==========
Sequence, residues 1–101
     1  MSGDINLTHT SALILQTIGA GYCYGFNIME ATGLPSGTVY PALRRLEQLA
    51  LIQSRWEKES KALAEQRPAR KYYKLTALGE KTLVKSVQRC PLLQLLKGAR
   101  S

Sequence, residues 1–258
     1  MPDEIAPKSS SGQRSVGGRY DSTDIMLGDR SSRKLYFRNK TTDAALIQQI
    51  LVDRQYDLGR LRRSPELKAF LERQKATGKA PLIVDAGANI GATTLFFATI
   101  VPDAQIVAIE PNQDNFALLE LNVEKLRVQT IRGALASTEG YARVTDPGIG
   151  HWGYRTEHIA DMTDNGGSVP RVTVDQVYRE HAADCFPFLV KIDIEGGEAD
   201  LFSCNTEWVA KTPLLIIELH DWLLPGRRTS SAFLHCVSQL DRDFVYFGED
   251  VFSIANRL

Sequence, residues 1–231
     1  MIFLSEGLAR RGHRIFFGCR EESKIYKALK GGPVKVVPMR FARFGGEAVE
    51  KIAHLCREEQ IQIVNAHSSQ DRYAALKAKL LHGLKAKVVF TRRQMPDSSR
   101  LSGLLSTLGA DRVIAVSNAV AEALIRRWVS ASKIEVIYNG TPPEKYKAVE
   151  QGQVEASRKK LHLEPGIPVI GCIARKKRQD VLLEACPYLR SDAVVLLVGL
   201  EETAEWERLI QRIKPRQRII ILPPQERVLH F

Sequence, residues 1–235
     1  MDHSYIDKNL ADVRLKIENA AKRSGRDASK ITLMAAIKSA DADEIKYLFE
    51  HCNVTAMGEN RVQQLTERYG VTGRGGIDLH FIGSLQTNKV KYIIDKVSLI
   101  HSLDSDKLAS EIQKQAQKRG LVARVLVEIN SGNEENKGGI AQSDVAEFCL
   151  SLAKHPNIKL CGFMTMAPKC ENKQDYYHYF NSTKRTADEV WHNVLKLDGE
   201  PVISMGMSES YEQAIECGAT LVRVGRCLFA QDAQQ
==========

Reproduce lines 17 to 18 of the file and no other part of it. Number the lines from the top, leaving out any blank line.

   201  EETAEWERLI QRIKPRQRII ILPPQERVLH F

Sequence, residues 1–235